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dc.contributor.advisorBhengu, Thamsanqa Thulani.
dc.creatorNgcamu, Bhekukwenza American Francis.
dc.date.accessioned2016-12-12T11:21:05Z
dc.date.available2016-12-12T11:21:05Z
dc.date.created2014
dc.date.issued2014
dc.identifier.urihttp://hdl.handle.net/10413/13865
dc.descriptionMaster of Education in Educational Leadership, Management and Policy. University of KwaZulu-Natal, Edgewood 2014.en_US
dc.description.abstractThe need for collaborative learning between and among teachers has emerged. In the past, teachers were working in isolation; in their classrooms and schools. This practice of isolation, has limited their professional development and to some extent, compromised the quality of education that the schools offer to the students. The culture of collaborative learning by teachers has been advocated by different pieces of literature, in different contexts, by different researchers to cater for the reciprocal professional grow of teachers. Principals of schools can play an important role in transforming their schools into professional learning communities. This study, as a result, has been undertaken in order to understand the role that the principals of schools can play in transforming their schools into professional learning communities. The assumption is that after completion Advanced Certificate in Education School Leadership (ACE: SL) programme, the principals would be able to transform their schools into professional learning communities. In the study, semi-structured interviews, document analysis and informal observations were the methods that were used to generate data. The interviews were recorded and transcribed before they were analysed. Data from the transcripts were coded and themes were form, which were used to analyse the data. Documents were also analysed in accordance to the themes that had been developed and some observations during the interviews process were also used in the analysis of the study. The results of the study reveal that i) The schools whose principals play an active role in transforming them into professional learn communities show better performance in grade 12 than their counterparts that work in isolation. ii) Some principals still lack expertise and commitment to transforming their schools into professional learning communities. iii) Some principals are engaged in teacher leadership development in such a way that they even allow teachers to attend leadership workshops outside their schools. iv) Some principals are so committed to professional learning communities to such an extent that they even provide refreshments and buy some books for the professional learning communities. This instils love for collaborative learning in teachers and learners, as well. v) Some principals promote collaborative learning of teachers both from within and outside the schools. This contributes to the reduction of job related stress which is sometimes experienced by teachers who work in isolation.en_US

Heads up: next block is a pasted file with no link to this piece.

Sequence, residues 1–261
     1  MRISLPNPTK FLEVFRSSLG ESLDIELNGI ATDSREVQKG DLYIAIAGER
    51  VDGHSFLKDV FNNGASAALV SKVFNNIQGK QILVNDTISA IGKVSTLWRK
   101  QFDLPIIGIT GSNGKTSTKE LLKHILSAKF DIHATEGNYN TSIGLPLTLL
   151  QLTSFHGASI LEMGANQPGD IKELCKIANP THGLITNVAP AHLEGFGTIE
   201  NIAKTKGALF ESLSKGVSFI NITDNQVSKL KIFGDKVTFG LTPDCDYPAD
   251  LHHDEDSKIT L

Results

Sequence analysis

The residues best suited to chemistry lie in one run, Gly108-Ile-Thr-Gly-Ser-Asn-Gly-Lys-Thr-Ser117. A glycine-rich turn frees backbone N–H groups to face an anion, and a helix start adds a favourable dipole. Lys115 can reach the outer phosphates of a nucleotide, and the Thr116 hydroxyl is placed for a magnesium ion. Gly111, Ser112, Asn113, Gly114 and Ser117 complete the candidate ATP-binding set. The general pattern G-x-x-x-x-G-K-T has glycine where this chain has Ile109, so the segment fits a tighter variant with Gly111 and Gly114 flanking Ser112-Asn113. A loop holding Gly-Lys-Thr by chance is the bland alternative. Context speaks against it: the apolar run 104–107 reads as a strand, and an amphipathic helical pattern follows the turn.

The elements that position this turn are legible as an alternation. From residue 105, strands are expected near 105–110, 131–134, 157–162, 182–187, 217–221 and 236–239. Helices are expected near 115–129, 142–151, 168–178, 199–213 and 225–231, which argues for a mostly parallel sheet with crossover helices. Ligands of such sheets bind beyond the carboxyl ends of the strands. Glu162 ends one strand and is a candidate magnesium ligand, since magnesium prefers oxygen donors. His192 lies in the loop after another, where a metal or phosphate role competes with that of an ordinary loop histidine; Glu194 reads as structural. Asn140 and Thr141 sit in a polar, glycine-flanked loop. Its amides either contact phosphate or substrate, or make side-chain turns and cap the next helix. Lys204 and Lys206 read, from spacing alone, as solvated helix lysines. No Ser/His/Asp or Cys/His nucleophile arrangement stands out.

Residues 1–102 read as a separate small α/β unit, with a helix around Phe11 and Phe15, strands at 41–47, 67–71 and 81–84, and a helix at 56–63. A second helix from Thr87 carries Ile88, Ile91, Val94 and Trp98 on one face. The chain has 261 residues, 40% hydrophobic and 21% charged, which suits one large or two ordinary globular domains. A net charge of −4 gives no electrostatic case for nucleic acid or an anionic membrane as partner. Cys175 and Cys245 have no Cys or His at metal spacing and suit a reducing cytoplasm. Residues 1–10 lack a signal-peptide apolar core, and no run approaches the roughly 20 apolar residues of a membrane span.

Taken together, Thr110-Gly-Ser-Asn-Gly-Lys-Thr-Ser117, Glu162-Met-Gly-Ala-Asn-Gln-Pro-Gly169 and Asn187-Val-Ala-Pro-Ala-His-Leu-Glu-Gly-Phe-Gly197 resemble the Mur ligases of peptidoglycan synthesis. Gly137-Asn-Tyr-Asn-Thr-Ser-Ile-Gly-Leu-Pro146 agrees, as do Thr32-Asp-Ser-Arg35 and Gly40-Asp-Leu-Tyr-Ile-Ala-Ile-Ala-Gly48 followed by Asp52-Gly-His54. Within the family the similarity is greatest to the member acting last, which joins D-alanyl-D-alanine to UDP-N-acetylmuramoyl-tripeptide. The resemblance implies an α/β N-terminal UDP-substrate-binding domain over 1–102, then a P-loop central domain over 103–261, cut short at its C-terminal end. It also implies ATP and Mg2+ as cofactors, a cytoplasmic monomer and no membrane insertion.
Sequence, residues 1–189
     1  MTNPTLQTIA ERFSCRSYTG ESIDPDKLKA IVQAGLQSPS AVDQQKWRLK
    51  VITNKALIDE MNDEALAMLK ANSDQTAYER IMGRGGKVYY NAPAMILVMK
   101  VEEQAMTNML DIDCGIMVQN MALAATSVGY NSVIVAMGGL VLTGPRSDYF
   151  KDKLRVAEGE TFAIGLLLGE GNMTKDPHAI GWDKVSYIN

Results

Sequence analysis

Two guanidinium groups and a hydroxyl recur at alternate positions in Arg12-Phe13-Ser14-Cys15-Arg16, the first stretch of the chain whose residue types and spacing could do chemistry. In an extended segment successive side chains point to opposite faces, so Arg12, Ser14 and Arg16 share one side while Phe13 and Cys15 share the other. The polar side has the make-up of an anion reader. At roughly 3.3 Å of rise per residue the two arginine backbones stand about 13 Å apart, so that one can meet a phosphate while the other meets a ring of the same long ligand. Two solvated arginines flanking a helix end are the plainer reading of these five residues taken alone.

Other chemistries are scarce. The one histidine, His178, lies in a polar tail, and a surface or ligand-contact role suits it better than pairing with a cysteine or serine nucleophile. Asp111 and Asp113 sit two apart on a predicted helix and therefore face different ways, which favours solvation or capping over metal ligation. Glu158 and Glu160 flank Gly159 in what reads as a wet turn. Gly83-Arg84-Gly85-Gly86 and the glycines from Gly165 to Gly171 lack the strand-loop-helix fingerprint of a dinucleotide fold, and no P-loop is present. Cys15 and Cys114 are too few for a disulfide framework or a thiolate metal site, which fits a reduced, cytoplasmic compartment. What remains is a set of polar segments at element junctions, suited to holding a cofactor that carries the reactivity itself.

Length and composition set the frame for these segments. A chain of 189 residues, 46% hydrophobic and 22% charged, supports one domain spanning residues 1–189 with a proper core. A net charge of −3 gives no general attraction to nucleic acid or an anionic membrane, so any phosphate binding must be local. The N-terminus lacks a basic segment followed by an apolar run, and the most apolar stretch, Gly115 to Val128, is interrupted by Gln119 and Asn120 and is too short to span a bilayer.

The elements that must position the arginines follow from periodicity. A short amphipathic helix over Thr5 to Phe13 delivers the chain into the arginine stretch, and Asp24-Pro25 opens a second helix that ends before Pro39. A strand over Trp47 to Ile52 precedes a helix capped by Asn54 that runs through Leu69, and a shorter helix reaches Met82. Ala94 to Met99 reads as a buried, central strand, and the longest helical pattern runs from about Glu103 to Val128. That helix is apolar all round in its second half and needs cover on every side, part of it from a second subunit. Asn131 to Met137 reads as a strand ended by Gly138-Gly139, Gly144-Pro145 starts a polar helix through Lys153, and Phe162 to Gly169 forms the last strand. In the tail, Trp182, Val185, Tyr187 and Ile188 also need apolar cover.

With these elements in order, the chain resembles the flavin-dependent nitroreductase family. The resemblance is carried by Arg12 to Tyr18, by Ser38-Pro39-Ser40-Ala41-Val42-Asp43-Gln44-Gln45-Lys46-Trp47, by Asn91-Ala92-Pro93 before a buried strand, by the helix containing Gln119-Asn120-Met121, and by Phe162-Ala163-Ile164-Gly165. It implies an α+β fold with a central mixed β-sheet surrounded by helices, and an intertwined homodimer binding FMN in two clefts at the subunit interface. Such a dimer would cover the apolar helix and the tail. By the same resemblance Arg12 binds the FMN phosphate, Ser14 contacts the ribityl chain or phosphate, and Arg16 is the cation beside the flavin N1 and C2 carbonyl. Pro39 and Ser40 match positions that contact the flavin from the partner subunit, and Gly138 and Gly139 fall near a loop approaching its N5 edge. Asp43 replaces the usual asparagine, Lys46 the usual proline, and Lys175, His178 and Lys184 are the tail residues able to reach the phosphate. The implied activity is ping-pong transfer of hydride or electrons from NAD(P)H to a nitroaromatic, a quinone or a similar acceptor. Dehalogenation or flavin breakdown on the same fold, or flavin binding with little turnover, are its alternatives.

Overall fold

dc.language.isoen_ZAen_US
dc.subjectProfessional learning communities -- South Africa -- KwaZulu-Natal.en_US
dc.subjectSchool principals -- South Africa -- KwaZulu-Natal.en_US
dc.subjectTeaching teams -- South Africa -- KwaZulu-Natal.en_US
dc.subjectTheses -- Education.en_US
dc.titleThe role of principals in transforming their schools into professional learning communities : the perspectives of two secondary schools in Ugu District.en_US
dc.typeThesisen_US


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